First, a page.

Spearheaded by Anne Smith and Renita Page, curriculum directors for the district, the VPSB has been holding workshops and in-services to prepare its employees for what the Common Core will bring.

The Common Core has its fair share of detractors, critics and opponents, especially in the State of Louisiana.

But it also has its supporters, as its more rigorous standards are a selling point to many.

Although the rollout for the program has come to a halt as Gov. Bobby Jindal is battling its implementation in the courts, the Vernon Parish School Board has taken it upon itself to go ahead and proceed with the tougher standards.

Spearheaded by Anne Smith and Renita Page, curriculum directors for the district, the VPSB has been holding workshops and in-services to prepare its employees for what the Common Core will bring.

And now, the teachers of the parish, along with the VPSB administration, are emphasizing communication with the parents of the students of the district as a way of not only calming the fears of parents, but also as a means to educate them on the materials available for the understanding of Common Core concepts.

“These new standards are rigorous,” Smith said. “So we want to give our students what they need as we implement these new standards. We don’t want to frustrate the students, but keep them moving forward. And we want to give parents the resources to help their students at home.”

One of the ways Smith and Page plan to help give parents said resources is through utilizing a program called “Parent Homework Night.”

An integral part of Fort Polk Progress, the “Parent Homework Night” concept is being planned for each school. It gives parents a chance to meet with teachers, working with them to understand the new vocabulary and standards featured in the Common Core.

“We are hoping to have these nights at each of our schools, hopefully by the end of September,” Smith said. “We are requesting all of our schools to help parents understand these concepts so they can help their student at home.”

This program has already been utilized at North Polk Elementary by first-grade teacher Susan Haney. She sent home a newsletter to gauge the interest of the parents. Upon their response, Haney set a time for meeting the parents and their students.

She had seven parents arrive with their children for the event, where they talked about the Common Core and why things look different.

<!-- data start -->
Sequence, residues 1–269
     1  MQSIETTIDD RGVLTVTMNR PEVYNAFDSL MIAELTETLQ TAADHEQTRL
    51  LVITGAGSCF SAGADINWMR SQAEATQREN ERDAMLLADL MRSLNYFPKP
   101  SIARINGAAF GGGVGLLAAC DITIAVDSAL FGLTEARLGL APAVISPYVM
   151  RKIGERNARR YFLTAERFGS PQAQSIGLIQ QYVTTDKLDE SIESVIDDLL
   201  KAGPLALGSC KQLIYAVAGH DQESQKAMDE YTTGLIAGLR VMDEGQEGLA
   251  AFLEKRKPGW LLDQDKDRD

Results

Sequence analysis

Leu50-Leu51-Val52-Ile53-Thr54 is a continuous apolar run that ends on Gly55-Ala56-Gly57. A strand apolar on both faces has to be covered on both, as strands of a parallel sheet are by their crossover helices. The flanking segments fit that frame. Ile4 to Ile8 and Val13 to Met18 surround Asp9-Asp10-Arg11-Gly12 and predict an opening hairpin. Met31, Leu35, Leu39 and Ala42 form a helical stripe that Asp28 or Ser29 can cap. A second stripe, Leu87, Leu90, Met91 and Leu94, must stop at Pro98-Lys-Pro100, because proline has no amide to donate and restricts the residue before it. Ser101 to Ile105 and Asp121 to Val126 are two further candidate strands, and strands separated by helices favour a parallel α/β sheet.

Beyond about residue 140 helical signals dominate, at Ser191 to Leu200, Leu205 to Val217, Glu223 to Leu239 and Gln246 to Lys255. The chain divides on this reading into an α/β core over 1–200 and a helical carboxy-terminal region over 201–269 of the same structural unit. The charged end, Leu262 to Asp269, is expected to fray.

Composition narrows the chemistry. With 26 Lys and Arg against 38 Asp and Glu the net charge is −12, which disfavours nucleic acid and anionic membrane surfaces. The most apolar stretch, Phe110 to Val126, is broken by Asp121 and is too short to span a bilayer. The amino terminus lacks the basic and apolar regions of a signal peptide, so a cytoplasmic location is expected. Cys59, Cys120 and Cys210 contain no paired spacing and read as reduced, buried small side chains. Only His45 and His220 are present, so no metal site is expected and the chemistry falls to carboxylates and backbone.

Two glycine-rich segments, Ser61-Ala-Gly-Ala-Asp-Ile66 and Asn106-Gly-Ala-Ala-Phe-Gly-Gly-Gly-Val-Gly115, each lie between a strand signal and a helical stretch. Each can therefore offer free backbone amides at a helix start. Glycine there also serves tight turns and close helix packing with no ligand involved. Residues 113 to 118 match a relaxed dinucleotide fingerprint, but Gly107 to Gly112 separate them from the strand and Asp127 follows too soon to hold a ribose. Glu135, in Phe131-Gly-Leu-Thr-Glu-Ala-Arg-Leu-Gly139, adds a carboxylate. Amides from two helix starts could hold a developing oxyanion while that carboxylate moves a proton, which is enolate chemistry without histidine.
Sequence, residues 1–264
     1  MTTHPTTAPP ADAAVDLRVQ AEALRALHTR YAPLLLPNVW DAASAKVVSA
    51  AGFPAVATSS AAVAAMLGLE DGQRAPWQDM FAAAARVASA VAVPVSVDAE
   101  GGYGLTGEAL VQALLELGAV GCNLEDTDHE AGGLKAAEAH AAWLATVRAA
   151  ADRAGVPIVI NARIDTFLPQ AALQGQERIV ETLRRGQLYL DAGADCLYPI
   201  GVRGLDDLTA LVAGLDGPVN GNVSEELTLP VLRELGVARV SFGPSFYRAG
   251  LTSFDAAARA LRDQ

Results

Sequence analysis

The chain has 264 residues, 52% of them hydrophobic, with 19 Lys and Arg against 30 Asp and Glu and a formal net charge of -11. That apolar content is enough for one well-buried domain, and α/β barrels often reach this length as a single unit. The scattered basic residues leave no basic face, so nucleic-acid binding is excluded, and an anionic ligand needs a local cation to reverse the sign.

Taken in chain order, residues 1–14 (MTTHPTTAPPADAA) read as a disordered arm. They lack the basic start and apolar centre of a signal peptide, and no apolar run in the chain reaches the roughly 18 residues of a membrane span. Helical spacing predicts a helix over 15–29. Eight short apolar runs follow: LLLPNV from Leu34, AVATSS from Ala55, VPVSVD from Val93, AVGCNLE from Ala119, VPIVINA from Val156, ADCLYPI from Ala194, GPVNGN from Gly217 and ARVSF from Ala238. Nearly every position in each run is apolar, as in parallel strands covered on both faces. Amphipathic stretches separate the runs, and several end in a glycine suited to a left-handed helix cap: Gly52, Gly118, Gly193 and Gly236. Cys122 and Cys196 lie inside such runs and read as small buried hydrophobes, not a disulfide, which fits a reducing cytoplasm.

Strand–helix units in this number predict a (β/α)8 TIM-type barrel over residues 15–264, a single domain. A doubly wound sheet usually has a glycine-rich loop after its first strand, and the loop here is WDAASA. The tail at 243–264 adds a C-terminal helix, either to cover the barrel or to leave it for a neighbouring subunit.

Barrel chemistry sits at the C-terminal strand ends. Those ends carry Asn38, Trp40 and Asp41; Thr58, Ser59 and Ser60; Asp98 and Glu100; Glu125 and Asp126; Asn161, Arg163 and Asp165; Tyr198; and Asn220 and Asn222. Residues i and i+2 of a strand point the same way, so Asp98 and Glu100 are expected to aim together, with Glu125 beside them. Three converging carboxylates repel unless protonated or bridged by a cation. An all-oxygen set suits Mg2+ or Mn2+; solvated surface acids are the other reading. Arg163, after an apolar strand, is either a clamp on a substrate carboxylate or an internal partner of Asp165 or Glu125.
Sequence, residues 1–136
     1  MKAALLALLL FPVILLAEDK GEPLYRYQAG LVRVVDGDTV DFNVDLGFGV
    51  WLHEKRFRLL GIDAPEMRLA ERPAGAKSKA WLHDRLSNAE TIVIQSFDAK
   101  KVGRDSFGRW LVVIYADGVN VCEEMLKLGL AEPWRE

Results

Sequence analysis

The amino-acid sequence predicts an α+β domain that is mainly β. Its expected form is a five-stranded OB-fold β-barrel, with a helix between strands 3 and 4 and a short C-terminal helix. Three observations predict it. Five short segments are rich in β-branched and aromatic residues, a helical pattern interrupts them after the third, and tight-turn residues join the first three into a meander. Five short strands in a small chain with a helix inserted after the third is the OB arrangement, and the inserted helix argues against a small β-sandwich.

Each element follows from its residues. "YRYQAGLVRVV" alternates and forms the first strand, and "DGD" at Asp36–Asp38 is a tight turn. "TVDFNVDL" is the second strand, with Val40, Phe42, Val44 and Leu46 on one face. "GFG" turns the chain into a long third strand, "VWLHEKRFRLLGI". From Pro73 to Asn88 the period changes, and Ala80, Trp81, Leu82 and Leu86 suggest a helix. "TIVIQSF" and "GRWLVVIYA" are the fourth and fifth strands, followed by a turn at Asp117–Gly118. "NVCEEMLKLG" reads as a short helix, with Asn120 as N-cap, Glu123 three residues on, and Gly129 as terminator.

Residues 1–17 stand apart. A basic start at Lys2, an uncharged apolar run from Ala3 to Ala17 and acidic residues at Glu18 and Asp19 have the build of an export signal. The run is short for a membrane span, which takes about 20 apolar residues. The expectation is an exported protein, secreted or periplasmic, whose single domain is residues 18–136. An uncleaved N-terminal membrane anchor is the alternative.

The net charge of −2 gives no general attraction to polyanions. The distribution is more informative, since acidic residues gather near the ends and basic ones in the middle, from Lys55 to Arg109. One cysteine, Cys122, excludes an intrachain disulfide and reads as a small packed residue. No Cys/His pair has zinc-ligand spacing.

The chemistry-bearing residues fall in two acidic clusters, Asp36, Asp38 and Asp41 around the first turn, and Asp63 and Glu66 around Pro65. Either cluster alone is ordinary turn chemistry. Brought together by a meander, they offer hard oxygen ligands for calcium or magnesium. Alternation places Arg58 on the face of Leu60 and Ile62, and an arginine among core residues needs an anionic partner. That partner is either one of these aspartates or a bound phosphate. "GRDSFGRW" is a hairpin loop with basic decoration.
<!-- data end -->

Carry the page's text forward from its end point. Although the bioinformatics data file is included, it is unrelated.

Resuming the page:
“My parents were very receptive and very relieved,” Haney said. “The children are excited about this and we want our parents to be excited.”

When it comes to math, the parish has been implementing a program called Eureka Math, which breaks down the process into more understandable steps for the student. Though parents aren’t familiar with the vocabulary being used, once her parents got a handle on it, Haney said they were optimistic.

“New math is nothing to be afraid of,” she said. “Once the parents learned about it and saw it, they were very optimistic.”

Smith, who oversees math implementation, and Page, who works primarily with English-Language Arts, know communication with parents is key to the continued success of the district’s schools, which ranked in the Top 5 in the state last year.

“We are encouraging each school to reach out to their parents because communication is key,” Page said. “We are listening to everyone so all of our students can be successful.”

In addition to the “Parent Homework Night,” the parish is also posting links on its website to helpful resources, which will guide parents in helping their students with work being sent home. Also, schools will be using certified tutors in an effort to help enhance student learning.

“It’s still a work in progress,” Page said. “But we are adding links to our site everyday and we are continuing to look at ways to improve communication with our parents.”

“Communication with both teachers and parents is a hallmark of this program,” Smith said. “Communication is key to all of this.”